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Immunosensor Based on Long-Period Fiber Gratings for Detection of Viruses Causing Gastroenteritis

Marta Janczuk-Richter
Beata Gromadzka
Łukasz Richter
Mirosława Panasiuk
Karolina Zimmer
Predrag Mikulic
Wojtek J. Bock
Sebastian Maćkowski
Mateusz Śmietana
5 and
Joanna Niedziółka Jönsson
Institute of Physical Chemistry, Polish Academy of Sciences, Kasprzaka 44/52, 01-224 Warsaw, Poland
Intercollegiate Faculty of Biotechnology, University of Gdańsk and Medical University of Gdańsk, A. Abrahama 58, 80-307 Gdańsk, Poland
Centre de recherche en photonique, Université du Québec en Outaouais, 101 rue Saint-Jean-Bosco, Gatineau, QC J8X 3X7, Canada
Baltic Institute of Technology, Al. Zwycięstwa 96/98, 81-451 Gdynia, Poland
Warsaw University of Technology, Institute of Microelectronics and Optoelectronics, 00-662 Koszykowa 75, Warsaw, Poland
Author to whom correspondence should be addressed.
Sensors 2020, 20(3), 813;
Submission received: 10 December 2019 / Revised: 22 January 2020 / Accepted: 30 January 2020 / Published: 3 February 2020
(This article belongs to the Special Issue Long Period Fiber Grating Based Sensors and Components)


Since the norovirus is the main cause of acute gastroenteritis all over the world, its fast detection is crucial in medical diagnostics. In this work, a rapid, sensitive, and selective optical fiber biosensor for the detection of norovirus virus-like particles (VLPs) is reported. The sensor is based on highly sensitive long-period fiber gratings (LPFGs) coated with antibodies against the main coat protein of the norovirus. Several modification methods were verified to obtain reliable immobilization of protein receptors on the LPFG surface. We were able to detect 1 ng/mL norovirus VLPs in a 40-min assay in a label-free manner. Thanks to the application of an optical fiber as the sensor, there is a possibility to increase the user’s safety by separating the measurement point from the signal processing setup. Moreover, our sensor is small and light, and the proposed assay is straightforward. The designed LPFG-based biosensor could be applied in both fast norovirus detection and in vaccine testing.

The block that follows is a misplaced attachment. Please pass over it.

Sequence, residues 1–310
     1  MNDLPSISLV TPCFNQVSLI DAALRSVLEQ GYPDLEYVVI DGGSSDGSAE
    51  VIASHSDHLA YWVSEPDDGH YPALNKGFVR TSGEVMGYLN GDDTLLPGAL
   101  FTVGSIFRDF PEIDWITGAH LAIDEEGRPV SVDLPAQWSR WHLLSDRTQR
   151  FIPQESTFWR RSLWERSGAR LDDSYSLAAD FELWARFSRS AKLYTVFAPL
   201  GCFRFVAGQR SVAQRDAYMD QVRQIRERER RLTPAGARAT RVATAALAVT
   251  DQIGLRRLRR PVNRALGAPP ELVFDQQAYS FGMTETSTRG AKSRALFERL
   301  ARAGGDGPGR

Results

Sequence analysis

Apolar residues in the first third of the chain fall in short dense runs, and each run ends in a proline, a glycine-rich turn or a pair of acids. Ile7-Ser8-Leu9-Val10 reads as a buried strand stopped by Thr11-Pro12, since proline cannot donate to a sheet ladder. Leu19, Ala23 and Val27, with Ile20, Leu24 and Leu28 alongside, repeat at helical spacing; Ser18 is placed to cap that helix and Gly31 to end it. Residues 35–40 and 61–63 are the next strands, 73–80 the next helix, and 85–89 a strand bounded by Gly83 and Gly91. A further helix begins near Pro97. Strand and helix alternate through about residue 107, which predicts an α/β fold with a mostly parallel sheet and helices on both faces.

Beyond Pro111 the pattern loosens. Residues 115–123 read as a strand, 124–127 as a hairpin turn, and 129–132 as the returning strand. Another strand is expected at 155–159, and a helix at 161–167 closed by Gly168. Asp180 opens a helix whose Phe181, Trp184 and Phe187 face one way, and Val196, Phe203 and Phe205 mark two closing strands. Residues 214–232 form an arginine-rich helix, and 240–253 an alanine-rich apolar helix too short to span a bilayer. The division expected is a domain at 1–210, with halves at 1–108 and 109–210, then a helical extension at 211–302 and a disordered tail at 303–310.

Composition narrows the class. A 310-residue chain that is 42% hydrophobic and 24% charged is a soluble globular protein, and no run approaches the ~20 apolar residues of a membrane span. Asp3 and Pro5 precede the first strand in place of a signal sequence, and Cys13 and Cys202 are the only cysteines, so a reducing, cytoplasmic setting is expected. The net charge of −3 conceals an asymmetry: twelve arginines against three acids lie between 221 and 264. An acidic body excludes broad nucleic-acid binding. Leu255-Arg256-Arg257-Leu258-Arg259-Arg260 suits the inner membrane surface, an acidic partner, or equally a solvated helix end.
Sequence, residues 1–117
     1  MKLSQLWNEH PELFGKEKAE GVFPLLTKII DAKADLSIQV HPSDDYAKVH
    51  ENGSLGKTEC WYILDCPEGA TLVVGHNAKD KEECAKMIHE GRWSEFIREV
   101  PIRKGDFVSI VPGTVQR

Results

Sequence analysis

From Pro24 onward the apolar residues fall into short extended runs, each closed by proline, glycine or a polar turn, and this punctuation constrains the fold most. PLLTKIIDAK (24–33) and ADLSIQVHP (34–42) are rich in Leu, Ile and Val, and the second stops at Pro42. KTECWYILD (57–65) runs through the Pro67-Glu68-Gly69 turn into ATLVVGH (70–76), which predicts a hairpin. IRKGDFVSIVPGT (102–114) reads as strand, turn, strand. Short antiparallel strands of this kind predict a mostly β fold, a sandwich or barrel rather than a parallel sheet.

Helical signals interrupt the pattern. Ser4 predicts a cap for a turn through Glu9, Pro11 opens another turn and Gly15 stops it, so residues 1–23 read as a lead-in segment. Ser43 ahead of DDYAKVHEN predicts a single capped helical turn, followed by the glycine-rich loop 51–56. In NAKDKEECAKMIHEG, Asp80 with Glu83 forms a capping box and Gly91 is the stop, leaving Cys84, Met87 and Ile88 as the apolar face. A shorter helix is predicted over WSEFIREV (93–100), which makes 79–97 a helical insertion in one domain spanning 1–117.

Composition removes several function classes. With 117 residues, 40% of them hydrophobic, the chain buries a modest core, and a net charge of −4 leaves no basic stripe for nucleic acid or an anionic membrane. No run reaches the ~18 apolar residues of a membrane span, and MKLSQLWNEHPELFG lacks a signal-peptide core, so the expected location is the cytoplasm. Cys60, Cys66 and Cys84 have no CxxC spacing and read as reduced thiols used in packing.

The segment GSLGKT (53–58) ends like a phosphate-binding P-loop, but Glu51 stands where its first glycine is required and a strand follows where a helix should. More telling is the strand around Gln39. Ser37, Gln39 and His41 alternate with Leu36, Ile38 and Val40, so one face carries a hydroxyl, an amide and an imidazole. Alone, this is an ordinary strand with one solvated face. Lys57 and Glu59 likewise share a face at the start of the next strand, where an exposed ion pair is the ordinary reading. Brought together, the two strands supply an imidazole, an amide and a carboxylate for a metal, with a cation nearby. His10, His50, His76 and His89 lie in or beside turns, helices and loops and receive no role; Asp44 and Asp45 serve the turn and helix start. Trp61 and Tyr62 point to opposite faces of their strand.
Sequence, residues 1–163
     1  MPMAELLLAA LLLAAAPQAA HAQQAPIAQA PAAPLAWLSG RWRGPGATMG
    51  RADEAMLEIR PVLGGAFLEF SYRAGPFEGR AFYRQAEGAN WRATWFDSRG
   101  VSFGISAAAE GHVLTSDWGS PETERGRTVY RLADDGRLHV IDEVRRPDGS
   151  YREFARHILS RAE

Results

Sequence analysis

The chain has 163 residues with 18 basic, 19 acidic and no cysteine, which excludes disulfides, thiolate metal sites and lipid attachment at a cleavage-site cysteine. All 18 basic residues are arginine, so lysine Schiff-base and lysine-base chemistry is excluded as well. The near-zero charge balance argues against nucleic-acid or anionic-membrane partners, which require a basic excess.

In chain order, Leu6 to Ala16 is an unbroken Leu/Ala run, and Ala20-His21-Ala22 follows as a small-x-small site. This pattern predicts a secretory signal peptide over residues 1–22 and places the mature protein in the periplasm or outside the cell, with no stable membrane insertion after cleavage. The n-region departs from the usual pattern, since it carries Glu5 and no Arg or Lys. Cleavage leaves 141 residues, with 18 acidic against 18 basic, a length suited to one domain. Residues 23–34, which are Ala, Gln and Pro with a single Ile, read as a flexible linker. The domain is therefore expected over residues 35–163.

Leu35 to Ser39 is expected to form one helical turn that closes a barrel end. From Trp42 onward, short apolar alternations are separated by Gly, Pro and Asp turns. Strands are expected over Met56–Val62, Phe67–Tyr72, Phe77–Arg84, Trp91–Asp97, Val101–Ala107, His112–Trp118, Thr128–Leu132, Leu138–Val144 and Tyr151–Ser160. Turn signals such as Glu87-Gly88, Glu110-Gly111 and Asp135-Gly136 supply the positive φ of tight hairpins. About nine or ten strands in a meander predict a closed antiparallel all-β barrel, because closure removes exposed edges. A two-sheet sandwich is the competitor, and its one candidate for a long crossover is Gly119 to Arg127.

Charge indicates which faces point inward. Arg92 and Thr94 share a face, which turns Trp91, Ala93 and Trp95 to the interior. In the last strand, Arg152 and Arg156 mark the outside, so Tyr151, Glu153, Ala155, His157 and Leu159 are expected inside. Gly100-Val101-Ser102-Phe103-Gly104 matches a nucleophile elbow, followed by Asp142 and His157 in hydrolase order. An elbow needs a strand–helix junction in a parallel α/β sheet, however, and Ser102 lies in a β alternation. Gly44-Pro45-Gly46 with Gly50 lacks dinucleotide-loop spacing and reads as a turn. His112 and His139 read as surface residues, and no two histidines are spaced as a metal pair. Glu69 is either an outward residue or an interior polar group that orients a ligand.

1. Introduction

Norovirus is the main cause of sporadic and epidemic cases of acute gastroenteritis all over the world. This highly contagious virus with low infectious dose (<102 viral particles) causes illness in all age groups, but incidence rates are the highest among children and older adults [1,2]. In children alone, it results in more than 50,000 annual deaths worldwide [3]. The major barrier in research focused on norovirus detection is the lack of a cell culture system for the multiplication of human norovirus [4]. Although a breakthrough in a method for norovirus cultivation [5] has been recently published, this approach is still rarely used. Additionally, as the norovirus is highly contagious with rapid person-to-person transmission, carrying out research on it is of high risk and requires special facilities and safety equipment. Therefore, norovirus virus-like particles (VLPs) are being used for the development of novel biosensors. VLPs are self-assembled structures composed of multiple proteins that typically form viral capsids. The size and structure are the equivalent or extremely similar to those of the native virus. Due to the lack of genetic material inside the capsid, the VLPs are an attractive and safe alternative to infective viruses in biosensing research. Norovirus VLPs are also widely used as antigens in diagnostic serological assays and as vaccines against norovirus infections [6].